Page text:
An Entrepreneur and agro-chemist Kahitouo Hien from Burkina Faso and Charlotte Payne, a zoologist at the University of Cambridge, UK, have kick-started an initiative to commercialise caterpillar production with the hope that it will help fight food security problems in West Africa.
For most people the idea of chewing on a caterpillar or tucking in to a tarantula is pretty unpalatable, to put it mildly. Yet according to the United Nations, some two billion people around the world consume insects regularly. This prompted World Service listener Saman from Pakistan to ask the BBC CrowdScience team “are insects a serious food source?”
In order to tackle this question the programme team headed out to Burkina Faso in West Africa, where shea caterpillars are an important part of the local diet in a country where over 30% of children suffer from chronic malnutrition and 2.7 million people are at risk for food insecurity.
Caterpillar enthusiast Charlotte Payne is a PhD student at Cambridge University who is currently conducting research on the caterpillar lifecycle.
“Shea caterpillars have the potential to help people break out of a cycle of poverty,” she exclaims when we met her on a farm in the rural village of Soumousso in the West of Burkina Faso.
At the moment the caterpillars are only available for a few weeks a year. But with their high levels of protein and micronutrients like iron and zinc, they have the potential to fend off “hidden hunger”, as micronutrient deficiency is sometimes called, and change the financial situation of the poorest people in West Africa, especially women and children.
How to breed caterpillars
Together with her colleague Darja Dobermann, a PhD student at the University of Nottingham and Rothamsted Research, Charlotte is trying to crack the science behind shea caterpillars and make them available all year round.
“In the same way they keep chickens in their backyard, the women would be able to keep caterpillars too,” Charlotte explains.
While in Burkina Faso, Charlotte is collecting as much information as she can about the needs and wants of the local people. Her preliminary results suggest that breeding caterpillars would be very welcome in the region. “It would be great if I could rear the caterpillars all year round because I would have enough to eat and earn a lot of money selling them,” one woman in Soumousso told us.
To help accomplish this vision there are many hurdles that the researchers must overcome. For starters the caterpillars are fussy customers. They only feed on the leaves of the shea trees.
Similar to how scientists have spent years working out what the best feed for livestock is, Darja explains, the same needs to happen for the caterpillars. From an environmental point of view it is of some consequence how these caterpillars are fed.
Insects are often touted as a panacea for the environmental problems that come with producing meat, because they emit less greenhouse gasses and take up less space.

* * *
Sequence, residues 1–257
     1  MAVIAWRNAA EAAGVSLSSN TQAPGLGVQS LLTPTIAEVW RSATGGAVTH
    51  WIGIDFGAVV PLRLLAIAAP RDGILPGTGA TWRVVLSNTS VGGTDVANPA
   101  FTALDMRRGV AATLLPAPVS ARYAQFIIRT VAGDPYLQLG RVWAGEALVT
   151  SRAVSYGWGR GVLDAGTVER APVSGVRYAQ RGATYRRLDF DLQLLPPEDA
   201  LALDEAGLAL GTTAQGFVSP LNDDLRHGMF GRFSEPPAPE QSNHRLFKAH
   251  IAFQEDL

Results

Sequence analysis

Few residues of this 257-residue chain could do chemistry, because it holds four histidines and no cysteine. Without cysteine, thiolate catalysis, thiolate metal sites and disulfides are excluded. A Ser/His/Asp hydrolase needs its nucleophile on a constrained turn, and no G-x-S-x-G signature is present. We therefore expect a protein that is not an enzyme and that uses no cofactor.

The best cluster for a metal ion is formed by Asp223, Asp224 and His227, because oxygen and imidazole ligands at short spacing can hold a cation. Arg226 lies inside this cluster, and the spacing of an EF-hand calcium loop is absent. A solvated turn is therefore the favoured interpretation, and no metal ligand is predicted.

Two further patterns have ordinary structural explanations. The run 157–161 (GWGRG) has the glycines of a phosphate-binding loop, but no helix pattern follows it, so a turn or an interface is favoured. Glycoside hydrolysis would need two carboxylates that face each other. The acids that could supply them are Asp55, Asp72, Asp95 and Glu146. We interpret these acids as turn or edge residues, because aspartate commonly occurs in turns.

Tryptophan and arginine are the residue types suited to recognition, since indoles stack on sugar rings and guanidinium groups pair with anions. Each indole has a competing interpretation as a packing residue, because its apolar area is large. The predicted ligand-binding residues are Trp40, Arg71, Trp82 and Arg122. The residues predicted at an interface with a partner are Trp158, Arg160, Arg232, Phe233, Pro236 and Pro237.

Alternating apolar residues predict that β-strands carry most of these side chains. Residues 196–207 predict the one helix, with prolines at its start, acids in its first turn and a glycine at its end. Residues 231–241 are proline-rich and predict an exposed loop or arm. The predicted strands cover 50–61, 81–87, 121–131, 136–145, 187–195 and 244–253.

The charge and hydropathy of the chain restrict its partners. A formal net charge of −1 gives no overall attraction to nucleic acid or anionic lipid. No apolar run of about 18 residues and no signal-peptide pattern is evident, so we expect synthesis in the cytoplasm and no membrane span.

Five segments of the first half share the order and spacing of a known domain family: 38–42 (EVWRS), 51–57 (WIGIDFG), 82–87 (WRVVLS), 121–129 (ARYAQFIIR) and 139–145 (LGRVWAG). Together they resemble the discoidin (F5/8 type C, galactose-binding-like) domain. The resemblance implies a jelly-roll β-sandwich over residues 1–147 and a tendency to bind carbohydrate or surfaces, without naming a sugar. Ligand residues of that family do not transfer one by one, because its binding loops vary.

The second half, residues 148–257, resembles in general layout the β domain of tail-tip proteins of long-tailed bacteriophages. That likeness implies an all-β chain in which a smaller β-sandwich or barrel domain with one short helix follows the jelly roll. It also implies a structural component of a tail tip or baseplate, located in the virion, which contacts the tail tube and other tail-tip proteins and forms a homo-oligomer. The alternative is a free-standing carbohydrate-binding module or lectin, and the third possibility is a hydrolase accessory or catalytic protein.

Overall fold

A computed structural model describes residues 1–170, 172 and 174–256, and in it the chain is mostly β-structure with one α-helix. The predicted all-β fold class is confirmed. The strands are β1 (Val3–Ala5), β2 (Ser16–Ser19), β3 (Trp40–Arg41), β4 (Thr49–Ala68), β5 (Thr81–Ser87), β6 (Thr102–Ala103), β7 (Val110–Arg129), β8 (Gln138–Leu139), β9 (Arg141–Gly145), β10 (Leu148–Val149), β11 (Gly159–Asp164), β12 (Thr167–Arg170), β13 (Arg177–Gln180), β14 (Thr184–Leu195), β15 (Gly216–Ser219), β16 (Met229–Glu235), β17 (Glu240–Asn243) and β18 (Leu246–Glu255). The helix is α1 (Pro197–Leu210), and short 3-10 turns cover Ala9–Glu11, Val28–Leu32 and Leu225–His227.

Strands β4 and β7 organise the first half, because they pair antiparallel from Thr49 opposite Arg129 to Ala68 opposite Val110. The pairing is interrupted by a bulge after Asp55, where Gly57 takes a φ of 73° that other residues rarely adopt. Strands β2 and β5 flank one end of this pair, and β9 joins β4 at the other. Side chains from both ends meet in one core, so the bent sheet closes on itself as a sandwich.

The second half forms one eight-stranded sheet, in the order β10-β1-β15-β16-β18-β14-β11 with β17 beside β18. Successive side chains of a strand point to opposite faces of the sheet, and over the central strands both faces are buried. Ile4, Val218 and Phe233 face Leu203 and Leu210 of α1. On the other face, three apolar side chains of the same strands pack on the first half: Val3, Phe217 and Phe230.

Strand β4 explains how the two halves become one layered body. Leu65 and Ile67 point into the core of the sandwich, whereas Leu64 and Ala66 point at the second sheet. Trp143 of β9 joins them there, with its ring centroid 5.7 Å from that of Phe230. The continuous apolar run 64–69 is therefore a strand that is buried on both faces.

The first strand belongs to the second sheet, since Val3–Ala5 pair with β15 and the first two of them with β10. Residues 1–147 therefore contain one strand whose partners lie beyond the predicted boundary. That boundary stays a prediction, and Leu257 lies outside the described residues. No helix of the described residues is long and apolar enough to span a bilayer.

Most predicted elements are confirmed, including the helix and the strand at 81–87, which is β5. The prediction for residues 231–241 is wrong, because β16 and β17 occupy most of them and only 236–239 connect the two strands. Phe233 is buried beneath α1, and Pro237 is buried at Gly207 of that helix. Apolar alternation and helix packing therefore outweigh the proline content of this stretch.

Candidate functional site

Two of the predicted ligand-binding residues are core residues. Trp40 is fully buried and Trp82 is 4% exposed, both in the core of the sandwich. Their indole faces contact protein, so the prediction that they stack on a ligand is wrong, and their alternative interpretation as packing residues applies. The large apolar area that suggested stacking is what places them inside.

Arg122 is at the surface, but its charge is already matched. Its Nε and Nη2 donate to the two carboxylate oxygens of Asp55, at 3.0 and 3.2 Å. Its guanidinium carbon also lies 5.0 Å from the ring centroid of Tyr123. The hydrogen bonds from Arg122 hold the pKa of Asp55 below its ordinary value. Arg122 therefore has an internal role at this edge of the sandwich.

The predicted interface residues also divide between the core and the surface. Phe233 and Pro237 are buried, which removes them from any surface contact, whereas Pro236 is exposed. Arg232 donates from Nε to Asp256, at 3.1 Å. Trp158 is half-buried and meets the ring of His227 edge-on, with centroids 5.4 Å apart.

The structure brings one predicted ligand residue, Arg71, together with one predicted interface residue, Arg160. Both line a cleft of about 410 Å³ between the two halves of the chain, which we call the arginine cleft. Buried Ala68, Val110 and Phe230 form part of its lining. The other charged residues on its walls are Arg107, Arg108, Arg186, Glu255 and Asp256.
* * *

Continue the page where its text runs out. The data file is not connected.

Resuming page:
“The unfortunate thing is that the majority of insects that are commercially farmed are predominantly fed with chicken feed. Chicken feed is made out of soy and this isn’t very sustainable. Unless you can get the insects onto a waste product as their food source, they aren’t more sustainable than chickens from an environmental perspective,” Darja explains.
In her lab in England, Darja will be analysing shea tree leaves to uncover why the caterpillars like them so much. This includes figuring out what nutrients the caterpillars are getting from the leaves and discovering whether the leaves send out a special “smell” – volatile aromatic compounds – that the caterpillars are drawn to.
“There might be something particularly appealing about these leaves that we could synthesise and spray onto artificial feed to attract the caterpillars,” Darja explains.
Charlotte and Darja are not alone in their quest to turn caterpillars into a sustainable food source. They work closely with local entrepreneur, Kahitouo Hien, who is betting all on the success of these nutritious critters.
Outside Kahitouo’s factory in the capital Ouagadougou a huge caldron filled with thousands of caterpillars is bubbling and filling the air with a pungent aroma. With his business, FasoPro, Kahitouo is trying to create an industry for shea caterpillars. Something that no-one else has dared do before.
Today he sells 10 tonnes of caterpillars every year to markets and shops around the country. But it has not been easy to get to this point.
“A lot of people laugh when they hear about my business,” Kahitouo explains as he leads us into a room filled from top to bottom with tightly packed boxes of dried caterpillars.
Even though caterpillars are traditionally eaten in Burkina Faso, Kahitouo has had a hard time convincing the community that they should eat more of them.
“In the beginning it was very difficult for me to find even one shop that would sell the product, but now I don’t even have to leave my office. The shops call me up. When I think about that I feel really proud of myself and the business.”
Kahitouo hopes to spread the business model to other countries but using the local insects found in each place.
Bugs to the rescue?
With nine billion people in the world by 2050 and food production needing to increase by 70% according to the UN, we may all have to get used to the taste of bugs like many people in Burkina Faso already have.
Indeed, there is scope for edible insects to play a serious role in food culture beyond being a fashionable snack.
However working out how to farm them in an environmentally friendly way is a question that continues to bug.